A Handbook of International Human Rights Terminology

A Handbook of International Human Rights Terminology

A Handbook of International Human Rights Terminology

A Handbook of International Human Rights Terminology


Increasing recognition of the salience of human rights is reflected in the UN-declared Decade of Human Rights Education (1995-2004). By defining terms from "1235 Procedure (UN)" to "xenophobia," the author (affiliation unspecified) provides an important tool to non-legal expert students of human rights.


Human rights is becoming the language of the entire world in the realm of politics, international relations, and law. To many scholars it is now deemed the dominant discourse of our day, and it is becoming more broadly so daily.

So important has human rights become in the eyes of the global community that the United Nations (UN) has declared the years 1995-2004 as the UN Decade of Human Rights Education. Human rights education is expanding both within and outside of the United States, with courses and terminal degree programs being established everywhere. The present is only the beginning stage of the study of human rights as an academic discipline that is available not only to law faculties but to other disciplines as well, such as political science, international relations, history, philosophy, social studies, and even religion, to name just a few.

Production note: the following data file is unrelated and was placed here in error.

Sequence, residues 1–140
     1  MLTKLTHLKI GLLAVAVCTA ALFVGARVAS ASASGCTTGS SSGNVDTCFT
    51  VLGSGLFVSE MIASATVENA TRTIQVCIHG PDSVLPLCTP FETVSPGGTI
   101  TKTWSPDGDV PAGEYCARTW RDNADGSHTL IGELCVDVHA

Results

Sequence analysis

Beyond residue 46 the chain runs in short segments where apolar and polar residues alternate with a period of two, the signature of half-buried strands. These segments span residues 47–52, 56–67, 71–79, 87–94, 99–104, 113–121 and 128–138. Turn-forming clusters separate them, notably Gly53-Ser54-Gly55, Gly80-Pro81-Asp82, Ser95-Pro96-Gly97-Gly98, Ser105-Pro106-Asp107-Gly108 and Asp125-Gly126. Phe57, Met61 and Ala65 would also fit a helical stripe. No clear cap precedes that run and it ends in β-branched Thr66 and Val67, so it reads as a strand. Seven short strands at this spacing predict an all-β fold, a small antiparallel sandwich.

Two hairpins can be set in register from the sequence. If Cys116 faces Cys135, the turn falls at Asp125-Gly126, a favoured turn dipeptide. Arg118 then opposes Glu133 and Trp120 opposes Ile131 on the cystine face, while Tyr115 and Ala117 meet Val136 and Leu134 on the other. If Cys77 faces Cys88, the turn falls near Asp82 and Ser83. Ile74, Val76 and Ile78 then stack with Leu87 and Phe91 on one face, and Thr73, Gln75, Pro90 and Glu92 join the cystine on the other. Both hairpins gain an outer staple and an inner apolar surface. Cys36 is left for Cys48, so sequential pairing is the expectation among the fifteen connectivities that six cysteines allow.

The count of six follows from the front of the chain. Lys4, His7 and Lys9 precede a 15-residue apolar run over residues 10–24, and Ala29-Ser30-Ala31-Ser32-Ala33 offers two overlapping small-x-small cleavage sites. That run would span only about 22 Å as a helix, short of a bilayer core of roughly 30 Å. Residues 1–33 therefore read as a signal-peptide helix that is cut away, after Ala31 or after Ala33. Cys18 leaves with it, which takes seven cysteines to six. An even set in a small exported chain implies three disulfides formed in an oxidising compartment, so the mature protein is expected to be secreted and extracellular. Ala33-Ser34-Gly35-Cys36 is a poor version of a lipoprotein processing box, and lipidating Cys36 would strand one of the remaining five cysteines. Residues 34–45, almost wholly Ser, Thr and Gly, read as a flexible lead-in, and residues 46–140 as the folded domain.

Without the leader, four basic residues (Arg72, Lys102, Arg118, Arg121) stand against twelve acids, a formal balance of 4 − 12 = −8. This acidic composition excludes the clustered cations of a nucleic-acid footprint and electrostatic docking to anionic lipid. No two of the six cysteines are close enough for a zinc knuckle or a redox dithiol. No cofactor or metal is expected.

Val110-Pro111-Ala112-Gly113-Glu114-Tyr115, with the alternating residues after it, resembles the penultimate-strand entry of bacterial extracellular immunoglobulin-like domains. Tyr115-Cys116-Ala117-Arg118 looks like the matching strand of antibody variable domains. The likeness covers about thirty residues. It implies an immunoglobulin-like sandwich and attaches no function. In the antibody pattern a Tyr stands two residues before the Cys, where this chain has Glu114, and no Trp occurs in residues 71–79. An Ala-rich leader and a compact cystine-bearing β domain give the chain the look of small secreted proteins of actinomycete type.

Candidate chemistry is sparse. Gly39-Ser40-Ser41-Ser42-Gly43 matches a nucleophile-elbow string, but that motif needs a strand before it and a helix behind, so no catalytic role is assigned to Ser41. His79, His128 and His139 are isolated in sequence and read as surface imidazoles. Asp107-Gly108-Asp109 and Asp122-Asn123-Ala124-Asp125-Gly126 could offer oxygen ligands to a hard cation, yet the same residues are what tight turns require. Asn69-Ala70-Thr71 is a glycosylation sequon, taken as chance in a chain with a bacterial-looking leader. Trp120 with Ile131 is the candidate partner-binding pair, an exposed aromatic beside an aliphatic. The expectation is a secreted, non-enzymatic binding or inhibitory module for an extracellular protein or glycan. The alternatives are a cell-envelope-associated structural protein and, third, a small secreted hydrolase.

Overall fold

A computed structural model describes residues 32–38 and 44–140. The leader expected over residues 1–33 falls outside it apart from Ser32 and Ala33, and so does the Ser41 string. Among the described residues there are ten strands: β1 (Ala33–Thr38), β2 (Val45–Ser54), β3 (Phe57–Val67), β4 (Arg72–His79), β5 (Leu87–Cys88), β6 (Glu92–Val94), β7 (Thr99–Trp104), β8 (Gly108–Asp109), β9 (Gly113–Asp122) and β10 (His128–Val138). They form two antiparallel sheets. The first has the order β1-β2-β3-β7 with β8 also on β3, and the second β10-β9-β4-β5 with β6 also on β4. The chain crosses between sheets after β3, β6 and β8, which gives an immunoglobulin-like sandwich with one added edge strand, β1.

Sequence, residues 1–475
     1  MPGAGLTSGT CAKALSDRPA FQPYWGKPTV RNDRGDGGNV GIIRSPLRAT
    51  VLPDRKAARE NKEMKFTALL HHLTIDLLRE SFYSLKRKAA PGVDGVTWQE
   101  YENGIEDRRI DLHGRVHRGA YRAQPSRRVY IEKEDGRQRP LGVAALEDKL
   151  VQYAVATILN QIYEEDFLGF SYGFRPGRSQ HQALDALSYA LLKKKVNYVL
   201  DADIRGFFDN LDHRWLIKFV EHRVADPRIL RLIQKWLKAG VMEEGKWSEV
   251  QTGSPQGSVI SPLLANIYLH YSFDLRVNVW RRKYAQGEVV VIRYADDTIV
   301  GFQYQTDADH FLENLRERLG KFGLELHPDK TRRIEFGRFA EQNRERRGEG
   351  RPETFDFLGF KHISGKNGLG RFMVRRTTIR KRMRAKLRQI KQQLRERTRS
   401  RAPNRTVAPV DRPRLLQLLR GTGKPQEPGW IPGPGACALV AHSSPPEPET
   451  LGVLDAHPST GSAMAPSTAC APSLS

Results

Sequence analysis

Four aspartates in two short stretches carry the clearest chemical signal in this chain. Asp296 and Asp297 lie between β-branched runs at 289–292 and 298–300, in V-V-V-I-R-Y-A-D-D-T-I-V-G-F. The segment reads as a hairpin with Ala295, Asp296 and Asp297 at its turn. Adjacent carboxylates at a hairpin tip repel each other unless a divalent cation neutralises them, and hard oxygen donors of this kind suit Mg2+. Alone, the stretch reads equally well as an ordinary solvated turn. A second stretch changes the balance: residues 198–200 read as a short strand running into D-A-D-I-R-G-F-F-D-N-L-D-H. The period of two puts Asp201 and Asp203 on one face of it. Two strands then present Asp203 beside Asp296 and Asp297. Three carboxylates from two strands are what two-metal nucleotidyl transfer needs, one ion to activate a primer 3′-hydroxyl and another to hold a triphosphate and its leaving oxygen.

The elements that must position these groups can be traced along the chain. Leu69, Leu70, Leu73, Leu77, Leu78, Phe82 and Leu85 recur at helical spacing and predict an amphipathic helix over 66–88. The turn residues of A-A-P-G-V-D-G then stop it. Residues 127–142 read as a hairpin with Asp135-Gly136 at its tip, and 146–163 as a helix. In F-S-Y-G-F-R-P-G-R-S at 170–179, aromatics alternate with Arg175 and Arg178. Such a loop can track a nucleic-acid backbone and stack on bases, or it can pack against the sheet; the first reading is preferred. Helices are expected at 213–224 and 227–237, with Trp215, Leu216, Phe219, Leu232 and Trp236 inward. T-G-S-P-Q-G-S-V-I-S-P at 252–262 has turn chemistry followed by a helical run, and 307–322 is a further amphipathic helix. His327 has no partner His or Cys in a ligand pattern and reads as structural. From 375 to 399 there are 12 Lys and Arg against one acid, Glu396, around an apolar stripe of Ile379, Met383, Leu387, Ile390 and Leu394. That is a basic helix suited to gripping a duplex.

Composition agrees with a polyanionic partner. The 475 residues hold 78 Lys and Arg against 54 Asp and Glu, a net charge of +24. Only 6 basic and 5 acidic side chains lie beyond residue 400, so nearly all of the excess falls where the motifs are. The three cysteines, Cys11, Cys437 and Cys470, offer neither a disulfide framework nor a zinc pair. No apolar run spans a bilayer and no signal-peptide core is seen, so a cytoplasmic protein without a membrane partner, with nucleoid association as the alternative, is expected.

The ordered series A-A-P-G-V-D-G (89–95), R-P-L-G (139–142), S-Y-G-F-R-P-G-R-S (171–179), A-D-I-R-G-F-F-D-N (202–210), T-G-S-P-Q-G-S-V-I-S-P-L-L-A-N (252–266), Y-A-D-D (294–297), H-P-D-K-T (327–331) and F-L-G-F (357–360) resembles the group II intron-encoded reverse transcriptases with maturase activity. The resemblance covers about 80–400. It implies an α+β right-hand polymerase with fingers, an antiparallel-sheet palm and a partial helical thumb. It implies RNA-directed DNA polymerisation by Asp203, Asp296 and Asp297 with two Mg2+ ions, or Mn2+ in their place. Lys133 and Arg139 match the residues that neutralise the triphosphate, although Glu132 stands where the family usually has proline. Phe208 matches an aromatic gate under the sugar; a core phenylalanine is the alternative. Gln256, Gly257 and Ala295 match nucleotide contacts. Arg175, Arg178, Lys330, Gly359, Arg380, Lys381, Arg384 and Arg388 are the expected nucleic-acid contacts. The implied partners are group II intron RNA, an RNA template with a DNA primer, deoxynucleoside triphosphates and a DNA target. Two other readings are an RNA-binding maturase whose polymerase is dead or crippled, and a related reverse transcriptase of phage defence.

The study of human rights should not be undertaken for mere intellectual stimulation or pleasure. It should be undertaken by all persons at appropriate levels and in both academic and nonacademic contexts so that a culture of human rights is inculcated in the learner. The learner (whether a student or not) is the bearer or holder of internationally recognized human rights. Human rights are the birthright of humanity, and their protection is the first responsibility of all states. They are inherent attributes of the human personality, and their purpose is the legal protection of the inherent human dignity of each individual human being. Life itself can be at stake if they are not preserved.

With the burgeoning of human rights studies, the need has arisen for academic tools with which to present this critical area of study. Textbooks are being written, articles published, and reports and statistics disseminated. Conferences, seminars, workshops, and institutes are beginning to proliferate. This book is intended to provide to the student of human rights an important tool for understanding the meaning of terms used in the field of international human rights and the words that will unlock the meaning of concepts and theories, law and procedures, institutions, and means of interpreting human rights.

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